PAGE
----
The Silent Rivalry Continues

I love a good rivalry.

You can feel it in the air when two teams are so closely matched. Think Sydney v West Coast in the mid-2000s, Hawthorn v Geelong from 2008 onwards, or either of Adelaide v Port and West Coast v Freo at any point. It’s palpable.

The same applies for great players. Dusty v Danger was talked up for so long. People still speculate about Lockett v Dunstall, and the Carey v Jakovich debate ebbs and flows depending on who tells the story. There is an energy that consumes every supporter in the arena as the players involved in these rivalries hit the field. It draws you in and refuses to let you go.

Some rivalries are borne of respect or kinship. Others are developed over a long period, whilst others, still, are formed due to a similarity between players. Whilst the rivalries spoken about most often are usually ones with a deep history of hatred, there are some that are fought in silence. They are fought no less vigorously, but they are fought without malice and with a healthy dose of genuine respect.

And that is where we find this gem in the modern game.

In 2013, two future superstars of the competition were drafted by the Western Bulldogs, at pick four, and Carlton, at pick 13. Both would go on to quickly establish themselves as exciting young prospects, but injury and form slumps have had just as much say in the perception of these players, and their quiet rivalry, as any highlight they’ve been a part of.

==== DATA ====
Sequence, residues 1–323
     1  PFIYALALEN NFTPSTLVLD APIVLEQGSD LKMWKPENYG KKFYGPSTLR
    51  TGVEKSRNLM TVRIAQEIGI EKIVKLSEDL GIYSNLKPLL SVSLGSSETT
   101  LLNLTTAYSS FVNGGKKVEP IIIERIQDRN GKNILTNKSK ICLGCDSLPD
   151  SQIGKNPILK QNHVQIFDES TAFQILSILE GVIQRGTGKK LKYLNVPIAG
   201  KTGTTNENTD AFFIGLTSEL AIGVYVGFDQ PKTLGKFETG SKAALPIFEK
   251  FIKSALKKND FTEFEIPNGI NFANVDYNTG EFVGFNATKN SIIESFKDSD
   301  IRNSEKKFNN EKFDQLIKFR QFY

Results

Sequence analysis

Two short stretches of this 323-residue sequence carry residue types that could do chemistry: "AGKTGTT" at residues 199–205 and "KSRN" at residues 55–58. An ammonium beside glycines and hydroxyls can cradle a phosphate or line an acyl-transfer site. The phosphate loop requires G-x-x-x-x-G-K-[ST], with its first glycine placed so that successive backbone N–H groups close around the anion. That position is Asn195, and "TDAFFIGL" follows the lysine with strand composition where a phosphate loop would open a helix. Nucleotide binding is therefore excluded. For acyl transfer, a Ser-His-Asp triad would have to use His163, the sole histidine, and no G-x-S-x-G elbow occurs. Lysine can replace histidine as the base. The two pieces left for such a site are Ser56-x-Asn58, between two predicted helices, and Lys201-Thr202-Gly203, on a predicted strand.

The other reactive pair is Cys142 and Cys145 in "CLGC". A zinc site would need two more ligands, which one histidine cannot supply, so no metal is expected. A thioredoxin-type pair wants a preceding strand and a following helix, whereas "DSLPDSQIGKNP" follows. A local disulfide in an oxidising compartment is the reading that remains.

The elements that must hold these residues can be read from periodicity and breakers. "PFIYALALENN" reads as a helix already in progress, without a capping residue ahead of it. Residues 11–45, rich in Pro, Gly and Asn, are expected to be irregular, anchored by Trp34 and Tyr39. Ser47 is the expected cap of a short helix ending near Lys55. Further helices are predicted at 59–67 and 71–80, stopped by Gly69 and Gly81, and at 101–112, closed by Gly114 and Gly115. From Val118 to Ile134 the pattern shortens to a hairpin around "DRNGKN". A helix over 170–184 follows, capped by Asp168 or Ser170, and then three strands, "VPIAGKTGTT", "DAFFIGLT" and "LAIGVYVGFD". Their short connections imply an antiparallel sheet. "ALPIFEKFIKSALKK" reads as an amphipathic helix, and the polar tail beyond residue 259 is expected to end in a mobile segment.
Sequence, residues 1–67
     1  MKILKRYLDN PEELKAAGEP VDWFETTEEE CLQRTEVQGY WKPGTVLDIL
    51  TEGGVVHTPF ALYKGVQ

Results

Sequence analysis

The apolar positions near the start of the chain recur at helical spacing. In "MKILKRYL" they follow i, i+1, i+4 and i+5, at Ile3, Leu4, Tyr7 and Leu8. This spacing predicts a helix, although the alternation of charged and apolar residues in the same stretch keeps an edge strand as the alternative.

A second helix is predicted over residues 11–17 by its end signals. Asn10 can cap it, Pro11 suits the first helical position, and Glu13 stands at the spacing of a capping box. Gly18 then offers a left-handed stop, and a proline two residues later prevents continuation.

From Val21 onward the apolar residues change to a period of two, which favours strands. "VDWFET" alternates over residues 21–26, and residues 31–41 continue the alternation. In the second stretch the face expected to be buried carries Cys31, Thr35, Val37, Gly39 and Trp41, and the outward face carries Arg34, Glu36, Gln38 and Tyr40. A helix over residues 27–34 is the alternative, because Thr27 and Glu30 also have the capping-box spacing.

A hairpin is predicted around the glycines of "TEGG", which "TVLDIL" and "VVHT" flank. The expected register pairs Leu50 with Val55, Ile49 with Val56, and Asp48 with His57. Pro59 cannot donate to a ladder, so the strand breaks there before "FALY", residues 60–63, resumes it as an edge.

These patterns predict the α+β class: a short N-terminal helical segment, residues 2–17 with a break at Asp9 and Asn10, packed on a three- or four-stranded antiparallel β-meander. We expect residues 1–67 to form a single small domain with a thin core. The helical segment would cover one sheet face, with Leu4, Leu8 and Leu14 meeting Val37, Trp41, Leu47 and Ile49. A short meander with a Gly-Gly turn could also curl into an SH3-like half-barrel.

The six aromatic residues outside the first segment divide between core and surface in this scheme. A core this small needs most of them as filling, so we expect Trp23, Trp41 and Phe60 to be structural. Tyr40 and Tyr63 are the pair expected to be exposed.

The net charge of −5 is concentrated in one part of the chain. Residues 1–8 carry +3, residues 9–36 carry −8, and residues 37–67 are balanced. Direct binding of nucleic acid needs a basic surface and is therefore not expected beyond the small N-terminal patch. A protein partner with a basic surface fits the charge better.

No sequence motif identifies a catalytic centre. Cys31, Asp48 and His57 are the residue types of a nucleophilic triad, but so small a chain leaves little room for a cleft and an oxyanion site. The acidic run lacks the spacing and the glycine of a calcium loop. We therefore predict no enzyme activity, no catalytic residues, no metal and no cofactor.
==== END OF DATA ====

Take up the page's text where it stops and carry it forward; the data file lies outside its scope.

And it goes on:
If you rewind just 12 months, you could be forgiven for thinking the battle, and the comparisons, between Patrick Cripps and Marcus Bontempelli, were all but put to bed.

Coming off another excellent season, the Bulldogs’ skipper had secured his fourth All-Australian selection and topped it off with his fourth Charles Sutton Medal, as the best player at the Western Bulldogs. Well on his way to being considered an all-time great of the game, Bont was playing at his peak and was a joy to behold when in full flight.

Oh, and there was that little MVP award he pocketed in 2021, as well.

On the flip side, Patrick Cripps was coming off his second-straight season of disappointment. Following the complete wash that was the 2020 season, Cripps started to look like a man who was feeling the weight of carrying his team’s midfield on his shoulders for the previous few seasons. Memories of his own MVP season back in 2019 seemed like a distant memory, as the Carlton champion often looked to be in discomfort.

I remember thinking at the time that Cripps seemed to take longer than most others to pick himself up off the ground whenever he was involved in a contest that hit the turf. He looked banged up. He needed serious help.

And with the Dogs coming off a season in which they were 35 minutes away from a flag (seems strange considering the final margin, but it is actually true), it looked as though the two brilliant stars from the 2013 National Draft finally had some serious distance between them, with Bont making the big strides to establish himself as the better of the two.

That was then.

2022 changed everything again.


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